The CUSD Board of Trustees is planning to spend at least $1.2 million to open a new high school in fall of 2013 despite a projected deficit of $3.2 million and dwindling reserve funds.
Never mind that the school is not needed at this time and that its operation will be paid for out of the same pot of money that funds the existing schools.
Never mind that only 300 students have enrolled to attend the new school next fall, making the cost run the school an unfathomable $4000 per student.
One might wonder about the math skills, or perhaps the logic, of the board members who approved that.
The new school, Sage Creek High (SCHS), was constructed to alleviate anticipated overcrowding at existing Carlsbad High (CHS) based on enrollment projections that have turned out to be over-estimated. After a construction bond measure was passed by Carlsbad voters in 2006, the economy took a downturn, and growth in Carlsbad slowed. Last year, there were 3230 students enrolled at Carlsbad high, 600 fewer than the projection.
The school board members and district officials who control the decisions insist that there are costs associated with not opening the school, both financial and legal. Claims have been made by board members or rumored lawsuits if the district doesn’t deliver on its promise to voters who supported the bond measure with the understanding that they would get a new high school out of it. Also, concerns were expressed that if the Sage Creek facility was vacant after completion, the district would be obligated to give any interested charter schools the first right of refusal to occupy the buildings. Charters in California are typically granted for five year terms, making a later opening of Sage Creek as a district school complicated.
These two reasons, given by every board member who has given a response to questions from the community, sound like the boy crying wolf when examined closer. First of all, no lawsuit has emerged since that allegation was made in the fall, and the claims of legal action remain unsubstantiated with no plaintiff coming forward, no parties being named, and no suit filed as of now.
As far as a charter school usurping the space if it is not occupied in August, the application and approval process for a charter school to operate within a district is long and complex. Whether a charter could successfully complete a bid to take over the Sage Creek campus within the time needed by CUSD to sort out its spending priorities is unknown, some might even say unlikely. A current charter school bid by Oxford Prep Academy is enduring an appeals process and possibly defeated due to complex and challenging requirements that Oxford Prep was unable to meet. It is also possible that even if Sage Creek opens in the fall, a charter school could apply to rent space within any unoccupied portions of the campus; since Sage Creek is not going to be at capacity for several years, this possibility is equally real. Hinging Sage Creek’s opening on the uncertain chance of a charter school staking a claim is unsatisfactory.
Critics of the school’s planned opening in August 2013 point out the areas in which the district has already made cuts and which are still facing more cuts if revenues don’t increase drastically. Those voicing their opposition include the local teacher’s union, teachers, staff, some community members, and even some parents. They maintain that the expense involved in opening and operating SCHS will jeopardize the more than 10,000 students of the district in many ways http://delaysagecreek.com/wait/: less money for textbooks, supplies, cleaning, maintenance, technology, support staff, and security; increased class sizes due to not being able to hire additional teachers to accommodate the additional classes; resources for sports and the arts split between two high schools, shortchanging both; the potential of cutting more than seven instructional days in order to afford the $1.2 million price tag (Opening and first year costs equate to 7.2 days of teacher pay).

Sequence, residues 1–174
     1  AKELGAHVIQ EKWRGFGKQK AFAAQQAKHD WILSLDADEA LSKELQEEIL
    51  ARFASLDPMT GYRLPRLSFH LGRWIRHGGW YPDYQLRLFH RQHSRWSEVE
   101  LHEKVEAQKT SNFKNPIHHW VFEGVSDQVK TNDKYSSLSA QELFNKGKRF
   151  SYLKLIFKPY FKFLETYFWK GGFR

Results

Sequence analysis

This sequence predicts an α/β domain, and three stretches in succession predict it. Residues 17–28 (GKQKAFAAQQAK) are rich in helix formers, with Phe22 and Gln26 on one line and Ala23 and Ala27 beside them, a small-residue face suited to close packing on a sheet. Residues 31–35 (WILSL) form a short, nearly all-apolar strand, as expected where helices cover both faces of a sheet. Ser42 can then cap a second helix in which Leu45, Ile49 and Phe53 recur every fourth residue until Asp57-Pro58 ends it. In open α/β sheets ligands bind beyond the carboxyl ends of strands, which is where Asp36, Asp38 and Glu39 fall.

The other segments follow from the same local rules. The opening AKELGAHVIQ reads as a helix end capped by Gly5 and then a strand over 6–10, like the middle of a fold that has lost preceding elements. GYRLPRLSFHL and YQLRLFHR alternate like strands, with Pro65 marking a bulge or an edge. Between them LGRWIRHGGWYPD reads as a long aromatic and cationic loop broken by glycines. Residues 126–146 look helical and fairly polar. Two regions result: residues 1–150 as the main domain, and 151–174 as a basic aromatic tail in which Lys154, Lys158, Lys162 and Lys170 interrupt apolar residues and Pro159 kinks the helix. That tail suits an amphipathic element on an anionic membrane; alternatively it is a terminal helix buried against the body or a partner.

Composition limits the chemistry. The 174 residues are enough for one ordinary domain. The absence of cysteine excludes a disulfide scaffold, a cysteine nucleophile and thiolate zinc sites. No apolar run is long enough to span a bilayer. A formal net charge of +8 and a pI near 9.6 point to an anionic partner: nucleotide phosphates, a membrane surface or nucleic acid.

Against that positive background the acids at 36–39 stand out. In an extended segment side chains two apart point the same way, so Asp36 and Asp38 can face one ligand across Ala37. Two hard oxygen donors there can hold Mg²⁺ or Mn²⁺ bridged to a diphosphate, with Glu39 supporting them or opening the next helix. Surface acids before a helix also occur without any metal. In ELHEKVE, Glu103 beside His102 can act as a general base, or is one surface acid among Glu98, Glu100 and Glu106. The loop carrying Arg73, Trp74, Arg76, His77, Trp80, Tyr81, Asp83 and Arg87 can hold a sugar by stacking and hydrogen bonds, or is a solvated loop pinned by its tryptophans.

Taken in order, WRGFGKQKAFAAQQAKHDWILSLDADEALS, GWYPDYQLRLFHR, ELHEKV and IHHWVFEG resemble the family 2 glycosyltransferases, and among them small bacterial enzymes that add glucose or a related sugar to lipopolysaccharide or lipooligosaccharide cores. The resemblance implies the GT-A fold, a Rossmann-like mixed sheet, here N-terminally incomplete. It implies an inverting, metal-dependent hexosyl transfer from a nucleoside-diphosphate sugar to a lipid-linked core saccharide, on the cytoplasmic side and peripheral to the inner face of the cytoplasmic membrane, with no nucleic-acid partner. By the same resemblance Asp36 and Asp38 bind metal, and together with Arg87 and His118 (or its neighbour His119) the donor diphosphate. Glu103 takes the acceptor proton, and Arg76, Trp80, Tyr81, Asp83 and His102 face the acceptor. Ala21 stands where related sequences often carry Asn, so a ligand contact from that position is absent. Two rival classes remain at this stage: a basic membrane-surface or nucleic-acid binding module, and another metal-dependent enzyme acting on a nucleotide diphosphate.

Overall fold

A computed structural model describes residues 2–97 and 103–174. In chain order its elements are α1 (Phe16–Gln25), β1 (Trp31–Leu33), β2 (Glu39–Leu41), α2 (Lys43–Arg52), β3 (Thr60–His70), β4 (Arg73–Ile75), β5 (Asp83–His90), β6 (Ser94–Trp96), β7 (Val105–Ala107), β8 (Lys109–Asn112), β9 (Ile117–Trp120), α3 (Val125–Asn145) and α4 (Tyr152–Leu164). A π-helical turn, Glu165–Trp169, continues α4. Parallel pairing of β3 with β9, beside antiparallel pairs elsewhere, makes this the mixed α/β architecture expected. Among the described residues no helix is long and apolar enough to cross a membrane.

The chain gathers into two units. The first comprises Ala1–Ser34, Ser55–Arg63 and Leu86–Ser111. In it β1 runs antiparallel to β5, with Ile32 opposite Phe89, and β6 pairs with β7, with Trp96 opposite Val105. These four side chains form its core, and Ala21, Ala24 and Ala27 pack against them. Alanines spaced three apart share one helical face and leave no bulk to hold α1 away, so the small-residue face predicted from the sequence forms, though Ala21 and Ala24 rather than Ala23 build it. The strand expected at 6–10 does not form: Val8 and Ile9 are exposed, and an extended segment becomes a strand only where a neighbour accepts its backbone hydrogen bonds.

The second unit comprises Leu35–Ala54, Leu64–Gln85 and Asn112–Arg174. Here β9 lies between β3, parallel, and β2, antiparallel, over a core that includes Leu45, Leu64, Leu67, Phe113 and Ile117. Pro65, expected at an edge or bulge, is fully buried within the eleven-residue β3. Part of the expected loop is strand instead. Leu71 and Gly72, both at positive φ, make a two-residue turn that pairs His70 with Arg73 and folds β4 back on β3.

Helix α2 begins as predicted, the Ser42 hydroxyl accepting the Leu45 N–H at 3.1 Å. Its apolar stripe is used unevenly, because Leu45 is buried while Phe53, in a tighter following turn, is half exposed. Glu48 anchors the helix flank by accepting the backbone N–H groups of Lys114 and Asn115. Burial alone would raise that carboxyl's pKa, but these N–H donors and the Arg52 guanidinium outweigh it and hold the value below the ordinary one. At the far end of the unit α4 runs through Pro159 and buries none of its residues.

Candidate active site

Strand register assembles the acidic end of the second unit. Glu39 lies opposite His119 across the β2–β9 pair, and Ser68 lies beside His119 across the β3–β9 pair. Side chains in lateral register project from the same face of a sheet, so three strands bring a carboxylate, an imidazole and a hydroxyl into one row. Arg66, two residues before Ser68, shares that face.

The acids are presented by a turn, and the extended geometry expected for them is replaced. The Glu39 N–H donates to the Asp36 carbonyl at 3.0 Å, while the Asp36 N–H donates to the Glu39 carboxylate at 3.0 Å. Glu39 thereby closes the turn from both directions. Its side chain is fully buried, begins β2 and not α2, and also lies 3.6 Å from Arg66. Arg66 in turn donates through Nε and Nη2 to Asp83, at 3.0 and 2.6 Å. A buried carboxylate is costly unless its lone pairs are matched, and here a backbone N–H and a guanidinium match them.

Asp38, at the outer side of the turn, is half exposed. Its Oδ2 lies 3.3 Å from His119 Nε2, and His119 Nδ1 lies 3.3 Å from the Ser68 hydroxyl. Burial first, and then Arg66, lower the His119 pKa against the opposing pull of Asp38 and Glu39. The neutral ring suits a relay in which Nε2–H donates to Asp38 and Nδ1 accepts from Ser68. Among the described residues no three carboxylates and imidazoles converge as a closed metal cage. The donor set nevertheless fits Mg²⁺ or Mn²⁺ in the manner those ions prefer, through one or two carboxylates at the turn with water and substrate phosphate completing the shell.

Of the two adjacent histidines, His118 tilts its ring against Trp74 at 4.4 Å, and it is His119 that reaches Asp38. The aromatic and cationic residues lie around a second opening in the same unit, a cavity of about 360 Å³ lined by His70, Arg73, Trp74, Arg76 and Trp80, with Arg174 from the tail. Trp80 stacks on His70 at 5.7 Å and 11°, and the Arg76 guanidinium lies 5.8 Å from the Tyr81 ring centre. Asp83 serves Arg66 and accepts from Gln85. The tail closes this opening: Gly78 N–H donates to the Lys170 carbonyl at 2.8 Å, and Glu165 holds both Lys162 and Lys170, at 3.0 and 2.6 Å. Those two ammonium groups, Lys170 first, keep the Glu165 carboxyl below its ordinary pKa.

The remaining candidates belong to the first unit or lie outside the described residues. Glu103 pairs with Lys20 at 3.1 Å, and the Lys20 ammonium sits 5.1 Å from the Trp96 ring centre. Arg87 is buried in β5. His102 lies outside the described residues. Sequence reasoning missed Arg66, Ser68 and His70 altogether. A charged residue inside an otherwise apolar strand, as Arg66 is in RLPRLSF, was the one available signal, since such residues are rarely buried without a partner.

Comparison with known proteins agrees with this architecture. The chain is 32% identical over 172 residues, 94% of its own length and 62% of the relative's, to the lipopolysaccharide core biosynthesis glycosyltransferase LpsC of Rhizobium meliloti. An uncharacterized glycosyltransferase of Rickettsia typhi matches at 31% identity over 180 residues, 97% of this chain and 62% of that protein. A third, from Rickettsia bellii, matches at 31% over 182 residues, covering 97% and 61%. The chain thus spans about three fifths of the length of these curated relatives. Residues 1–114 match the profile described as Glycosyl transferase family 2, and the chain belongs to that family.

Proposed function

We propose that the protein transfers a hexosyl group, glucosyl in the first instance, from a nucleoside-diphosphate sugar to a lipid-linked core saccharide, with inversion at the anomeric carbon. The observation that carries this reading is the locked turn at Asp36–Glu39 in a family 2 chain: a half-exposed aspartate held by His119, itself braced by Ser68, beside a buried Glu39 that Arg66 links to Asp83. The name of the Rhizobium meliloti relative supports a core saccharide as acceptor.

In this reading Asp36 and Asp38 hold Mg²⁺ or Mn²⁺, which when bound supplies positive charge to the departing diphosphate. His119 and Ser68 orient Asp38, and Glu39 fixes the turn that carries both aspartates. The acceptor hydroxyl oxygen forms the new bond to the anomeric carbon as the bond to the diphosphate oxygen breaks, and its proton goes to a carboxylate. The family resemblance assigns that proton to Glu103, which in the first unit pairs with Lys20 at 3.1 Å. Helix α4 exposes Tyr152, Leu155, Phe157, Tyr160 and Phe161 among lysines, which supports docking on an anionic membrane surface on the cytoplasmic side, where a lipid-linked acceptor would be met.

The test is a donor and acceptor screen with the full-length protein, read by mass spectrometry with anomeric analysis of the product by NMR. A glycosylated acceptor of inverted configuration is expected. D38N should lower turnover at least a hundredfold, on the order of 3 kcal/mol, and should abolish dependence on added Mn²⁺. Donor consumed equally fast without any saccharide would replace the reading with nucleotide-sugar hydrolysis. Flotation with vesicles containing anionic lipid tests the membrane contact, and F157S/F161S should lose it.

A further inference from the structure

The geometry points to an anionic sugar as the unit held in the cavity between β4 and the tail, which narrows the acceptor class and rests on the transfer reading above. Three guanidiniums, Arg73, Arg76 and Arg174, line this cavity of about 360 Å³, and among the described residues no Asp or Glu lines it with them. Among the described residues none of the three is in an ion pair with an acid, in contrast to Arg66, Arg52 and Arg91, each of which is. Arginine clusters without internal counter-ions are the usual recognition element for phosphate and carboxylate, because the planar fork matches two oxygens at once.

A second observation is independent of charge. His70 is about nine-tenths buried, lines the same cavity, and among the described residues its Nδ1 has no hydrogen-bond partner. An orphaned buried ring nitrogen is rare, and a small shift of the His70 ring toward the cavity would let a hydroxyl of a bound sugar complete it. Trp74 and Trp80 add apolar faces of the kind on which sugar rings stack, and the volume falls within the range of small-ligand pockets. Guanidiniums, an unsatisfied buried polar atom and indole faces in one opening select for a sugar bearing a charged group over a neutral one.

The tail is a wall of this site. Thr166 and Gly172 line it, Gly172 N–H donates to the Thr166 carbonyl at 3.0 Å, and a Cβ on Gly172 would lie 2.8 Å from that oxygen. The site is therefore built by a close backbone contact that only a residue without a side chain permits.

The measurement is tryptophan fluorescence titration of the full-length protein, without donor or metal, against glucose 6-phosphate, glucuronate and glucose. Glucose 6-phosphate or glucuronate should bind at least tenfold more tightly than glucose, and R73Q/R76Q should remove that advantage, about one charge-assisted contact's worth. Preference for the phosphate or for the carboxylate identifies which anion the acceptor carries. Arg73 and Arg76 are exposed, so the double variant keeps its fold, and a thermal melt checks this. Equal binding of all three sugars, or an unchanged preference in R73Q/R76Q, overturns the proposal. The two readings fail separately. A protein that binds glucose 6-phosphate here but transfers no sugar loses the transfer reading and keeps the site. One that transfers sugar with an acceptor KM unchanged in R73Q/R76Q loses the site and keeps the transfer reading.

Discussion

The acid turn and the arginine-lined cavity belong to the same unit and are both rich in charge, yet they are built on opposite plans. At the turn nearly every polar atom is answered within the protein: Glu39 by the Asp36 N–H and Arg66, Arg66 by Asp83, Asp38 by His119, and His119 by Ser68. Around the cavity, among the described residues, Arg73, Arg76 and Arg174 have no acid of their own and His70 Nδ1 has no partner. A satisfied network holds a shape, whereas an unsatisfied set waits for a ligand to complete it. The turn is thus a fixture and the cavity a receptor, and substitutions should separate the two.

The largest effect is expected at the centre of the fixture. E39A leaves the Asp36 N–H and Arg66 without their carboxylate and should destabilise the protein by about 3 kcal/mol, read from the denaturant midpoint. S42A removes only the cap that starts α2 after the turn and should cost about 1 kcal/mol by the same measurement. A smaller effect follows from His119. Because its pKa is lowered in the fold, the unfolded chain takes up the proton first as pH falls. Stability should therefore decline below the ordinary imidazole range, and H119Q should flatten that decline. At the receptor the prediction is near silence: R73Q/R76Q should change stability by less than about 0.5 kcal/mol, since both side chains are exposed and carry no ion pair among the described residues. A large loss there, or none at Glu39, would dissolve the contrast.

Last year, when CUSD was facing a budget shortfall, saving $300,000 by closing one small alternative high school that served just over 100 students seemed logical. Never mind that this school had a proven success record in reaching marginalized students through its unique program and dedicated campus, or that the savings was a drop in the bucket yielding a remaining $2.4 million deficit for the current school year. That was the decision made by the Carlsbad Unified School District Board of Trustees in spring of 2012. Logical enough.
So when that same school district is facing an even greater budget deficit the next school year, one might expect that same school board to take a similarly conservative, cost-cutting approach to the expenditures presented before it.
Not in Carlsbad.
School board members have been fielding emails, phone calls, letters, questions in the hallways, and impassioned speeches from both sides. The big question - where the money to open the school will come from, and whether more cuts will have to be made to existing services to support it - remains unanswered as school staff and board members defer to future budget projections that won’t be made public for several more weeks. Superintendent Suzette Lovely was quoted in the Coast News in January as saying, “We can’t start planning and actually budgeting until the legislative process goes through its whole course.”
Based on financial commitments that have already been made - the salary of the school’s principal, Cesar Morales, for instance, which has been coming out of district general funds since July 2012 - it seems that decision makers have done more than just plan for Sage Creek expenditures - they’ve spent.
More speeches from both sides are expected at the school board meeting on Wednesday, February 13 at 6 PM at the district offices on El Camino Real in Carlsbad.